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Now that the rains are here

Any one knows that rainfall is a natural phenomenon that is influenced by the movements of the heavenly bodies. Moreover, its intensity varies from one region of the world to another.   In the tropics, intensity of the rains is usually felt from March until September. Therefore, all countries within the tropics, including Nigeria normally witness very heavy rainfall in this period. Meteorologists have noted that the highest rainfall occurs near the equator, where the strong heating by the Sun creates significant vertical uplift of air, and the formation of prolonged heavy showers and frequent thunderstorms. Annual rainfall recorded in the tropics usually exceed 100 inches and can be as high as 400 inches, particularly if influenced by the monsoons. In Nigeria, the effects of heavy rainfall are usually destructive bringing along with it flooding, destruction of properties, erosion and even water borne diseases. Early this year, the Nigeria Metrological Agency (NIMET) made a forecast of heavy rainfall, even as it advised Nigerians to brace for adverse weather conditions such as flooding, and disease like cholera.
The forecast came against the backdrop of predictions by the World Health Organisation (WHO) that rainfall patterns will be unusually heavy and lead to serious flooding and major outbreaks of malaria. Given the phenomenal changes in the climate, more destructive torrential rains could wreak havoc on lives and property especially when no preparations are in place to stem disasters from these possibilities.
We are aware that burst pipelines, building collapse, flash floods, and other things due to human error been the worst this country has been afflicted with. Even at those, Nigeria’s emergency services often prove incompetent as their state of unpreparedness is exposed. The continuous ravaging flood has put many Nigerians into untold hardship which those in the coastal communities are grossly affected while the relief materials provided by some of the affected state governors are not adequately enough to cater for the people.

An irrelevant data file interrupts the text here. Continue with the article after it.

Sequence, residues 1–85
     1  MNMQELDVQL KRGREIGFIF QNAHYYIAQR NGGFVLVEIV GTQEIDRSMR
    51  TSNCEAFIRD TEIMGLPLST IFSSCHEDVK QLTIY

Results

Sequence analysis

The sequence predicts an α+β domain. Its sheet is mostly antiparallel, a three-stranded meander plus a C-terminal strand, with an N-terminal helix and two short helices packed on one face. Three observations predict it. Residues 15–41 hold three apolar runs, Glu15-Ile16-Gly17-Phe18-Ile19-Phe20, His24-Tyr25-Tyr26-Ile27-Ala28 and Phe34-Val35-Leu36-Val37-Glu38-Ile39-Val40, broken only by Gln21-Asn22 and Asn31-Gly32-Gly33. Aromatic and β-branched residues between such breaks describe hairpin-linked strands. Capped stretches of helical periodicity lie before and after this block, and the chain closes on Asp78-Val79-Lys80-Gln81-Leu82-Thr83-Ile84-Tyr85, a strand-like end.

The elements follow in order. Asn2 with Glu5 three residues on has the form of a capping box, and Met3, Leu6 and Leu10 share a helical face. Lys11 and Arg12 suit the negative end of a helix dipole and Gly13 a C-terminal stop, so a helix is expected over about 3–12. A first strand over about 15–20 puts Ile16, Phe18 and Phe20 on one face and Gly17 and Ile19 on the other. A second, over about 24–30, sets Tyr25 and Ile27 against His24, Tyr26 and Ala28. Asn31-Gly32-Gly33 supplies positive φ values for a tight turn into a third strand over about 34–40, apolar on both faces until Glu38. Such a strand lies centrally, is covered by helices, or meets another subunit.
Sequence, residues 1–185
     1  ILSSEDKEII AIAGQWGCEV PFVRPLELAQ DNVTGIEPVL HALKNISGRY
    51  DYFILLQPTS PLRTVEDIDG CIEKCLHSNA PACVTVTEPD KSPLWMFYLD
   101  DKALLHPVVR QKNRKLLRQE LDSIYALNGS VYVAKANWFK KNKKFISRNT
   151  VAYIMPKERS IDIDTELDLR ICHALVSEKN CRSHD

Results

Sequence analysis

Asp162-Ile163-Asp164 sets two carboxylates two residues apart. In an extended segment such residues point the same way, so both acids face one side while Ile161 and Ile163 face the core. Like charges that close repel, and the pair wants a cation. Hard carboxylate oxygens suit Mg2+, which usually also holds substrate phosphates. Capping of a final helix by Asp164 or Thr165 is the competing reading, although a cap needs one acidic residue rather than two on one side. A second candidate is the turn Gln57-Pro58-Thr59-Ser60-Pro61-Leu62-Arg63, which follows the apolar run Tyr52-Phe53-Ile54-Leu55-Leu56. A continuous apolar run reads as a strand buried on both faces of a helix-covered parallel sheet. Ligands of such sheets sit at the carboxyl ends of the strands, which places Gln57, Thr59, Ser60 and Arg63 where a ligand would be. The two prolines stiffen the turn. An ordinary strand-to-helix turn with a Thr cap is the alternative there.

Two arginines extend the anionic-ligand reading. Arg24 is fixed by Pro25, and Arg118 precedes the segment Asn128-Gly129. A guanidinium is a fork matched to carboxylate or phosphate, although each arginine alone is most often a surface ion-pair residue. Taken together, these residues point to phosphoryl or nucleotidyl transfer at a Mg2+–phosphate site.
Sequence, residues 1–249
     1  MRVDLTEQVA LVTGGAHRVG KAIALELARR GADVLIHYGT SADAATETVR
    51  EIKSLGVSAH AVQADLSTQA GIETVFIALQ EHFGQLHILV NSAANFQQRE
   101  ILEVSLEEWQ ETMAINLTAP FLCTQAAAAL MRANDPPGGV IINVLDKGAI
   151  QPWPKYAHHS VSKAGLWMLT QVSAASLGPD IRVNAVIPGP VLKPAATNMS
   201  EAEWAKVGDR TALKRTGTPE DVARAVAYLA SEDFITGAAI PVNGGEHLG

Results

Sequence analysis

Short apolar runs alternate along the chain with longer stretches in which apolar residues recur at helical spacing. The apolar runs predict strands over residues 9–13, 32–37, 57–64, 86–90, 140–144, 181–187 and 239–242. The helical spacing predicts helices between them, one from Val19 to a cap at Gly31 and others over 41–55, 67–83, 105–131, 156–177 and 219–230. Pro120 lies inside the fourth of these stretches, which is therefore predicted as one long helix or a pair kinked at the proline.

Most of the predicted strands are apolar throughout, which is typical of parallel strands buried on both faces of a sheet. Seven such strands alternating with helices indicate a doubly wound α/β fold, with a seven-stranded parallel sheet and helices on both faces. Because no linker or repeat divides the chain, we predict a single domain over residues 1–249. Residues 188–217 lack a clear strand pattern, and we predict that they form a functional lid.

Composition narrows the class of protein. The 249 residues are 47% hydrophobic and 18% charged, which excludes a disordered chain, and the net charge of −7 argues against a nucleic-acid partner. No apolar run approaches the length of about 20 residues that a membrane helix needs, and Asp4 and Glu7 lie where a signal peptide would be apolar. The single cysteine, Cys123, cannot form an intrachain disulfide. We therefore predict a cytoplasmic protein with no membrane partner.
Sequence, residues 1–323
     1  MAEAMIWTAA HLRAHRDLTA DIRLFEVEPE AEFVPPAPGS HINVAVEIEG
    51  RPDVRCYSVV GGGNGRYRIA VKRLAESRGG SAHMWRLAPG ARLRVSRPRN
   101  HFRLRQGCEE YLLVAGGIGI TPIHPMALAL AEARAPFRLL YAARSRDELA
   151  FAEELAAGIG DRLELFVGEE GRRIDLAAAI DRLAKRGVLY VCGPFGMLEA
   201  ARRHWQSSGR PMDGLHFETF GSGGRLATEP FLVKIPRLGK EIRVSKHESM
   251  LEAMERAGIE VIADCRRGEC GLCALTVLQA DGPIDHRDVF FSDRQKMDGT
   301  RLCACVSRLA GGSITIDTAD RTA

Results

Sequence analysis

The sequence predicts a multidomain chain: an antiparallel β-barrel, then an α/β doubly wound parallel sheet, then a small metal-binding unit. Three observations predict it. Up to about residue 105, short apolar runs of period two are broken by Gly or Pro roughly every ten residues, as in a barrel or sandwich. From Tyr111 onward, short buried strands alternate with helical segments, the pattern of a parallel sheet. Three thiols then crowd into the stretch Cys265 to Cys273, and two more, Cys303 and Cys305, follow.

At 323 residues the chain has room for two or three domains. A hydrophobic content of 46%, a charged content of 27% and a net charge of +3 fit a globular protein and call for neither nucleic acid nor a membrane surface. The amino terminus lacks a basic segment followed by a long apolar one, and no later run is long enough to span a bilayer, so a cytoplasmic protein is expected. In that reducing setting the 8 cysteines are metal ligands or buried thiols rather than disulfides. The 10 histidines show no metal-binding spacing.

The problem with this mordant and corrosive flood disaster is that Nigerian leaders do not know how to contain impending disaster if it occurs, which has resulted in the loss of many lives and property. The National Emergency Management Agency (NEMA) and some of the state ones are usually overstretched while the absence of surface drains and blockage of existing drains with municipal waste, refuse and eroded soil sediments are the major cause of flooding.
The menace of this incessant flood indicates the natural disaster, which cannot be controlled by any government. The seeming lack of expertise to control flooding in many communities has created untold poverty among the inhabitants. That Nigeria lacks experience in managing natural disasters goes without saying since the country has been so fortunate not to have experienced such devastated phenomena such as  hurricanes, typhoons, tornadoes, earthquakes and forest fires as some other countries do.
This fortune has, bred a certain complacency, which accounts for poor management of even the slightest discomfort occasioned by nature. We are therefore emphasising on the need to embark on flood prevention and mitigation measures that would ensure free flowing of drainage systems, operation and maintenance of hydraulic structures such as dams and reservoirs. However, it is more important to embark on public enlightenment especially at the community level to sensitise the people in preparation for flood and its aftermath

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